A couple of weeks ago, I shared a story about how giving my young son a toy I knew he wanted ended up being a lesson in God’s character for me. And it’s been gratifying, humbling and really interesting to read through the comments many of you have made on that post with regard to subjects such as waiting on God, answered and unanswered prayer, as well as sex and virginity.
Something else interesting happened in my process of writing that post, and that’s what I want to talk about today. It has to do with what happens when married people try to talk to singles about the sometimes tough subjects I listed above.
When I got done writing the first draft of my post, I gave it to my wife to read over. Jennifer spent seven years working with college students on staff with InterVarsity and another six working with single young adults in our church after that. I knew I was dealing with some sensitive issues, and I wanted to get her take on it. I reminded her that many folks in the Boundless audience are single and to keep that in mind as she read the post.
Of course, as it was 11:00 at night, mostly I just wanted her to tell me how great my writing was. She didn’t. Instead, she zeroed in on a couple of paragraphs where I talked about God’s delight in giving good gifts to His children. “I don’t think some single people are really going to be able to hear what you’re trying to say here,” was her blunt assessment.
After a moment of self-centered frustration (I didn’t really want one of those “iron sharpening iron” marriage moments as the clock ticked toward midnight), I realized she was absolutely right and rewrote a big chunk of the blog post.
Jennifer’s concern boiled down to this: When married people write glowing paragraphs praising God’s faithfulness, it practically invites those who are still struggling with unanswered prayers and unmet needs to retort, “Easy for you to say, buddy. You’ve already got everything you asked for.” To put it another way, married people writing to singles about waiting and longing may potentially have a credibility gap.
I definitely felt that way in my many years of unanswered prayers when it came to my desire for marriage. As I’ve mentioned before, Jennifer and I got married when we were both 34. Before that, I had plenty of romantic flame-outs and two crushing long-term friendships in which I fell deeply in love with someone who didn’t fall in love back. (In the interest of full disclosure, I also broke off one relationship that was headed toward marriage, so I’ve been on both sides of that coin.)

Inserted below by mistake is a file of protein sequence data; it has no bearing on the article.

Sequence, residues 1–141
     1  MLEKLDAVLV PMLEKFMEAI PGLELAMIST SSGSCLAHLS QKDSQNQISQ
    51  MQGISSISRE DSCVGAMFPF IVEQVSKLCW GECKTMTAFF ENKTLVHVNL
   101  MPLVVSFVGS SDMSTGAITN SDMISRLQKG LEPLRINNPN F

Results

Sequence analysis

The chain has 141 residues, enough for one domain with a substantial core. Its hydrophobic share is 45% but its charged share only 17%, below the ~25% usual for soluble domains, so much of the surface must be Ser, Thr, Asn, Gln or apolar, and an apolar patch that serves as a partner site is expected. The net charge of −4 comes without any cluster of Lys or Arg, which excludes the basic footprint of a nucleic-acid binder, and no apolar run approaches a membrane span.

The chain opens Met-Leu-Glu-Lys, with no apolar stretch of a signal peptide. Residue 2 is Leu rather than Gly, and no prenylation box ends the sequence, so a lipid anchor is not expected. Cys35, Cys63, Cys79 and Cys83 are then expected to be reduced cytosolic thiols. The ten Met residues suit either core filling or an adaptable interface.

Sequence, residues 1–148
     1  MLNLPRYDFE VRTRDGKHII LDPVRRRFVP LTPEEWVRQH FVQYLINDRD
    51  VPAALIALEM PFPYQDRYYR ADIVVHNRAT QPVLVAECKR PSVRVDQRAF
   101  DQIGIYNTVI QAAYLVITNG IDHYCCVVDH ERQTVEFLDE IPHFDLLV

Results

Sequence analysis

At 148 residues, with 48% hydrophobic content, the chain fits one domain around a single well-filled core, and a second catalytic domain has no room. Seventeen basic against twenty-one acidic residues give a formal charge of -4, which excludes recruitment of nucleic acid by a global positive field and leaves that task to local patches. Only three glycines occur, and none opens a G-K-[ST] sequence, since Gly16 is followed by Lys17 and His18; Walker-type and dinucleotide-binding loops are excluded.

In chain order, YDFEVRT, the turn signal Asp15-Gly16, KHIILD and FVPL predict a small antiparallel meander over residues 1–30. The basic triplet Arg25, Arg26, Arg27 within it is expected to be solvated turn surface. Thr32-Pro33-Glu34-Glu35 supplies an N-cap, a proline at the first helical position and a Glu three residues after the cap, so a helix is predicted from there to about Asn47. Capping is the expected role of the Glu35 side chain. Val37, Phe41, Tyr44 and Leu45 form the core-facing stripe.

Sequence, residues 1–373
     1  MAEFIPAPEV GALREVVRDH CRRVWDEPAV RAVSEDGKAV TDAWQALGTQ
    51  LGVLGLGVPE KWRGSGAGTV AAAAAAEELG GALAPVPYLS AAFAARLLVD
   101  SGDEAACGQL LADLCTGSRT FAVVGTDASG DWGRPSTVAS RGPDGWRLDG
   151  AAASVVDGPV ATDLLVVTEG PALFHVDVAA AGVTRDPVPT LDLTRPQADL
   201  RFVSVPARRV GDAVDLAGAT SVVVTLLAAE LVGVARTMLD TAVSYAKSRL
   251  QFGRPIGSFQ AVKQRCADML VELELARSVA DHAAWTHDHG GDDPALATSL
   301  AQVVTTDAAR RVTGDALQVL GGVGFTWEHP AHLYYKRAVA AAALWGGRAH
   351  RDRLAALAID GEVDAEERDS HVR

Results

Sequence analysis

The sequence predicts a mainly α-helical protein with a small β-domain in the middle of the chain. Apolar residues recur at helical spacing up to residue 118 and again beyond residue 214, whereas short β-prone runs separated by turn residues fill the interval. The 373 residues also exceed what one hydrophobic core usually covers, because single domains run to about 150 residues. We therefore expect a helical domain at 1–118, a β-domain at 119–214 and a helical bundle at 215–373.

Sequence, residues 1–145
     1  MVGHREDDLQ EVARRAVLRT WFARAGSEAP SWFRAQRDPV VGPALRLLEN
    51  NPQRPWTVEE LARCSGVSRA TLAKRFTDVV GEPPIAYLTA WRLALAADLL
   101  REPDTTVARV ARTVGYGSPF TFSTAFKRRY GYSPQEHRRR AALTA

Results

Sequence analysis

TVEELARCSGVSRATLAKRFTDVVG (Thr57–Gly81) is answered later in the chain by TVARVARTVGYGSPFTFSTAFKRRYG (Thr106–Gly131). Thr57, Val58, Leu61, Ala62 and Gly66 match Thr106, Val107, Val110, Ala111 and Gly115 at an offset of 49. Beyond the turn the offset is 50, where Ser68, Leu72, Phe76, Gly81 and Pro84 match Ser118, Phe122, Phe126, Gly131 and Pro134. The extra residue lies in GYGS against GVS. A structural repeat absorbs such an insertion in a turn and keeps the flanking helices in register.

I remember picking up a book about dating and beginning to read it as a struggling single in my late 20s. The first time I tried to read it, I literally threw it across the room in disgust, thinking, This guy who got married at 22 has absolutely no idea what I’m struggling with! The book I wanted to write at that point was more along the lines of I Kissed Unwanted Long-Term Singleness Hello.
Can you relate?
I believe that married folk (such as myself) can offer meaningful, honest and (hopefully) helpful counsel on the subject of singleness. But I also believe those of us trying to do so need to be very careful not to take our own experiences with God and dating and courtship and make them normative for everyone else. It may be something in our experience can help others in similar situations. On the other hand, God may be working very differently in your life than He did in mine.
That’s why I responded so badly to that book, I think. I was incredibly frustrated that the author was taking his own very particular convictions in this area and suggesting that all of us needed to approach singleness and dating exactly the way he did. I simply wasn’t convinced that his experience necessarily constituted God’s will for everyone else, too. It struck me, at the time, as not very helpful. And I couldn’t help but wonder whether he would have written the same thing had his singleness lasted oh, say, 10 or 15 more years.
So what do you think? Do married people have a credibility gap when it comes to talking about singleness? How might those who are married best engage with these issues with sensitivity and tact? What should we keep in mind when trying to discuss these issues in a helpful, not hurtful, way?
I look forward to the conversation.